There's much more to life than BBC bias. Honestly.
Don't believe me? Then please try The Missing Hancocks on Radio 4 - recreations of lost episodes from the original Galton and Simpson scripts, starring Kevin McNally as Tony Hancock (and doing a very good impersonation of him).
The first episode, The Matador, was broadcast today and certainly made me laugh. So much so that I feel it's my blogging duty to share some of its best gags with you, our loyal readers:
Tony Hancock: Well, doctor, what's the verdict?
Doctor: Well, I'm not going to beat around the bush. I may as well tell you straight out. You're a malingerer. Go away!
Tony Hancock: Yes, doctor.
Bill: Well, what did he say, Tubb?
Tony Hancock: I've got malingery. He says I've got to go away.
Bill: That's tough. Malingery. And you look so healthy.
Tony Hancock: Well, that's always the way, William. A rose is always at its fullest bloom just before it's plucked. I'd suspected something was seriously wrong with me for a while now. My strength's going. I'm right off my food.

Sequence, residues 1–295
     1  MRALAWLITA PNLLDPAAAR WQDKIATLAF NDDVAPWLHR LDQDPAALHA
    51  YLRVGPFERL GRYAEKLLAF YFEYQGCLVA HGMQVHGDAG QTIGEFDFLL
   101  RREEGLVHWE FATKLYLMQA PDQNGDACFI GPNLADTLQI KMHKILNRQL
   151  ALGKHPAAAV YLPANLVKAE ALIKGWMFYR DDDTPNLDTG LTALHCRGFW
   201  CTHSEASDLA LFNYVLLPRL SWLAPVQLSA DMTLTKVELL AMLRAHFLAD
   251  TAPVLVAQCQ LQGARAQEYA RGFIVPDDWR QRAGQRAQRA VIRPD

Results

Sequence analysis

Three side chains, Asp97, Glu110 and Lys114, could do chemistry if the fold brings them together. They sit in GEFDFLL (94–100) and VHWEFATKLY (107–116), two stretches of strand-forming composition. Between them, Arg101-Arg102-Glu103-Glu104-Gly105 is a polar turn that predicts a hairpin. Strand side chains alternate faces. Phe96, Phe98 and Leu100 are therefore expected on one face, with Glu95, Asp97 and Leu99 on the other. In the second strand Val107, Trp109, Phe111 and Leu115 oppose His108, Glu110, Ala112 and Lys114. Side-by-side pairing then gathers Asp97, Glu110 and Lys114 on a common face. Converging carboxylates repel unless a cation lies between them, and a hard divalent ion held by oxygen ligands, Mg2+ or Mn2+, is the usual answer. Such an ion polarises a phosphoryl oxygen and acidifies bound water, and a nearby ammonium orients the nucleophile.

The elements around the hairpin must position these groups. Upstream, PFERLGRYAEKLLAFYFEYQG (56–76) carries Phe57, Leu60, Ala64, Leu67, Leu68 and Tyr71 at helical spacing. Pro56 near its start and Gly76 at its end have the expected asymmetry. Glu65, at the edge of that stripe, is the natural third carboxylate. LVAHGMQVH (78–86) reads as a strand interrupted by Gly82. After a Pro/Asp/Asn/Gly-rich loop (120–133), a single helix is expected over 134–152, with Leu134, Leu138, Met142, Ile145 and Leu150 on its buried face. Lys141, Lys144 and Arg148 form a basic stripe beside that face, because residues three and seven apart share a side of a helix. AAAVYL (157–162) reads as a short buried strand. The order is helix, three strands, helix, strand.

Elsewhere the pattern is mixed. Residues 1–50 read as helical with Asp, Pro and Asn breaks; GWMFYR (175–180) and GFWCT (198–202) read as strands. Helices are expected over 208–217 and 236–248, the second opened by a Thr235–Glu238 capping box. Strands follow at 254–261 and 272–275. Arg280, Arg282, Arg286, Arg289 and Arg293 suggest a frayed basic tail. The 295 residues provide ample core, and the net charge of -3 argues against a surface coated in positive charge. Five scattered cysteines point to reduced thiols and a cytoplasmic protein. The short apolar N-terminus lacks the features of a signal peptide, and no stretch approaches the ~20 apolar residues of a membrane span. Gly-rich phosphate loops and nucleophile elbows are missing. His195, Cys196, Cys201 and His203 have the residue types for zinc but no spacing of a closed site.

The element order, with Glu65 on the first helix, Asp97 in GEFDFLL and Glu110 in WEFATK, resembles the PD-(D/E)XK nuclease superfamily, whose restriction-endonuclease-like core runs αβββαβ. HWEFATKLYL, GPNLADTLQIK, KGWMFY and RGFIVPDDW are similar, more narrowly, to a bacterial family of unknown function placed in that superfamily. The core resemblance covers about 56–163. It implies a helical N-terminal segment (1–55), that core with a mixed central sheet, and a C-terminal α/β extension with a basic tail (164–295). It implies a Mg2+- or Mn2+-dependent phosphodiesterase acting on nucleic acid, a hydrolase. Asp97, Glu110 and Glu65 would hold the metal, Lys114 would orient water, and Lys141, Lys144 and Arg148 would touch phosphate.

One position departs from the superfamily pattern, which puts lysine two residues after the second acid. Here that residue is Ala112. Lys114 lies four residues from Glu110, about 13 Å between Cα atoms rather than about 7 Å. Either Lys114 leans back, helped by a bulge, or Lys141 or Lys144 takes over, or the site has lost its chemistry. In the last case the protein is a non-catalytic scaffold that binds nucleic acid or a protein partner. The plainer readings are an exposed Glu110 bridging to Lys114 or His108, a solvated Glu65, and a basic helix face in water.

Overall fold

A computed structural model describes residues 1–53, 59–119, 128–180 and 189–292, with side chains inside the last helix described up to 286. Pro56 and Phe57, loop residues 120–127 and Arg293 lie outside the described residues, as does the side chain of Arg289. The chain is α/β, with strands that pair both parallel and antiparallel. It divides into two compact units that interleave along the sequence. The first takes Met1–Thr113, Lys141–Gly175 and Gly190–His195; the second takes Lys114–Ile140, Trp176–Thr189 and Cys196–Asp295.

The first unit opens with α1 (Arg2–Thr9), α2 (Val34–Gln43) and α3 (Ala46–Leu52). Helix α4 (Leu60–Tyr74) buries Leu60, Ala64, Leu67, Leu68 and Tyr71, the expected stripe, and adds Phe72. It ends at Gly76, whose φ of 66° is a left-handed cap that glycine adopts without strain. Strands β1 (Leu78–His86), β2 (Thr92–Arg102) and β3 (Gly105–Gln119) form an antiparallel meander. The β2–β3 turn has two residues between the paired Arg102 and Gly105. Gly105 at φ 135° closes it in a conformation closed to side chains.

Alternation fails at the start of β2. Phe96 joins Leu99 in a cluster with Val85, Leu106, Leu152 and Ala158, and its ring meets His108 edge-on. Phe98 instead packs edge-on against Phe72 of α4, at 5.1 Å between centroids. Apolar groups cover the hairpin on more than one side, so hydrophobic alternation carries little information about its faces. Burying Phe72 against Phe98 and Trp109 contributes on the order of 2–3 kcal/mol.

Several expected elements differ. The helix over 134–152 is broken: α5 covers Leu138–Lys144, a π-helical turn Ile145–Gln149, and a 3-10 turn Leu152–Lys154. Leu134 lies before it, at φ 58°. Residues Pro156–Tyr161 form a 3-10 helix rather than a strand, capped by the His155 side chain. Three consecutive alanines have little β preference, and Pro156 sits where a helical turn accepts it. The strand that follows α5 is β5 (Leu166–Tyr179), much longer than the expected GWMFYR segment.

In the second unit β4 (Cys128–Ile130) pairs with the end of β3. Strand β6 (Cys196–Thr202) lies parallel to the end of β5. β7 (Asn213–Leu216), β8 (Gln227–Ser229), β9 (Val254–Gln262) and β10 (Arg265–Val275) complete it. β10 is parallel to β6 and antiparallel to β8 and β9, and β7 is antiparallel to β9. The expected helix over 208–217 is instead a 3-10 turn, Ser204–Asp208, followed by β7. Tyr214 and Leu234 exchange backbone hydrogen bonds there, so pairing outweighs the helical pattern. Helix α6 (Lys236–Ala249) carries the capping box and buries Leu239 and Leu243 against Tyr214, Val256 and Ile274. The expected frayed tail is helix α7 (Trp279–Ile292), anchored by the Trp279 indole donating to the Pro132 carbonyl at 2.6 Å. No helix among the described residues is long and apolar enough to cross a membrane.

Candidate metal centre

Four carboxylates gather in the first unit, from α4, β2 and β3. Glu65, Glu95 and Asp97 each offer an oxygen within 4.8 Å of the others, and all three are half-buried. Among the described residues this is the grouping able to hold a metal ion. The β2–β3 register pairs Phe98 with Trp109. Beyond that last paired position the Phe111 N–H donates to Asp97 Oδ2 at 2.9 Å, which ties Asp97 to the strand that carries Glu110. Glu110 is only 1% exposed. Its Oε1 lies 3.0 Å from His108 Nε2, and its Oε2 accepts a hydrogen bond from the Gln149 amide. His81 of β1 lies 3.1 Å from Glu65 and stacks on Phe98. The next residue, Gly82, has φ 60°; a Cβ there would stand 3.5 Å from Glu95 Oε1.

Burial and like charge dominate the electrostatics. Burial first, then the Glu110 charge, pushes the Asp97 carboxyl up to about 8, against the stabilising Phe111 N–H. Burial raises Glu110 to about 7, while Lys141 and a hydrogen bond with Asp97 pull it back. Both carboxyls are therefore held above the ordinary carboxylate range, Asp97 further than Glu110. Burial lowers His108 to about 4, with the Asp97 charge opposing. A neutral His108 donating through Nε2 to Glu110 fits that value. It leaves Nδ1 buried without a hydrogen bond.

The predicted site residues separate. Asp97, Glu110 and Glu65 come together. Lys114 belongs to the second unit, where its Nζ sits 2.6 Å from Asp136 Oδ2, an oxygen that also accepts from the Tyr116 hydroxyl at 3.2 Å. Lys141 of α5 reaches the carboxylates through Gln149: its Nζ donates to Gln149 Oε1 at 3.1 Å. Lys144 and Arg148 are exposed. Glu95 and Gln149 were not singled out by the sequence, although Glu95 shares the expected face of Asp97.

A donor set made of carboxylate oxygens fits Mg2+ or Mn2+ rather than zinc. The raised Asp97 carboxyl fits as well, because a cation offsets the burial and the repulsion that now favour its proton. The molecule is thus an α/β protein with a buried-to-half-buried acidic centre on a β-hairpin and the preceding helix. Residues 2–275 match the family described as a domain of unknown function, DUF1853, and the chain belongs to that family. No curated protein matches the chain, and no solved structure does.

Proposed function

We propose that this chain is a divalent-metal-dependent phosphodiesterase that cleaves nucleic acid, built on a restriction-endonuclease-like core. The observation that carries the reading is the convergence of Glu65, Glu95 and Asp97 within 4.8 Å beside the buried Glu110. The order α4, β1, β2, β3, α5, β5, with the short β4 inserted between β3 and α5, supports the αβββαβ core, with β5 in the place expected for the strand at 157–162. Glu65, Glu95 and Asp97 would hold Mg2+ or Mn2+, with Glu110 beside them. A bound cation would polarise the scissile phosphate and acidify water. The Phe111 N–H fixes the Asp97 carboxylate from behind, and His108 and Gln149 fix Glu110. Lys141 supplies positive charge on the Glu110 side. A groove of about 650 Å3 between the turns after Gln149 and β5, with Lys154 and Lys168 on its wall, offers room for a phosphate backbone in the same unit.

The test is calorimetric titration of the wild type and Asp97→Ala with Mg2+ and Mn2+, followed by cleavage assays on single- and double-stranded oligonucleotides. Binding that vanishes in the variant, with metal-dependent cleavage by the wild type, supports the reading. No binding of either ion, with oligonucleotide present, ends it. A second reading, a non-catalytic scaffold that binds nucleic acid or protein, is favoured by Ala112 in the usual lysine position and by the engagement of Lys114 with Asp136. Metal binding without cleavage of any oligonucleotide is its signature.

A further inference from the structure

Andrée: I've never seen you push your plate away.
Tony Hancock: Well, there you are you see. Shows how weak I'm getting. Who'd have believed it? Me, a malinger? I'm glad I gave my job up. I wouldn't want the lads at work to catch it.
Bill: Don't worry, Tubb, perhaps they can cure it.
Tony Hancock: No, I've heard about this disease. You hang on for about sixty or seventy years. Then it strikes.
Tony Hancock: No, I promised your mother I'd never let you go to Paris after that terrible thing that happened last time.
Bill: But I've never been to Paris.
Tony Hancock: No, but your mother has.
Tony Hancock: I'm scared Bill. I've never been up in an aeroplane before.
Bill: You told me when you were on holiday in Southend you were whizzing around on an aeroplane all day.
Tony Hancock: But that was different. Andrée was following behind in a little bus while the man turned the handle.
Pilot: Oh, you don't need to worry about me. I'm an experienced pilot. I went all through the Battle of Britain. You should have seen me throwing my spitfire all over the place, looping the loop, diving, chasing planes, firing bullets at them, all through the summer of 1948.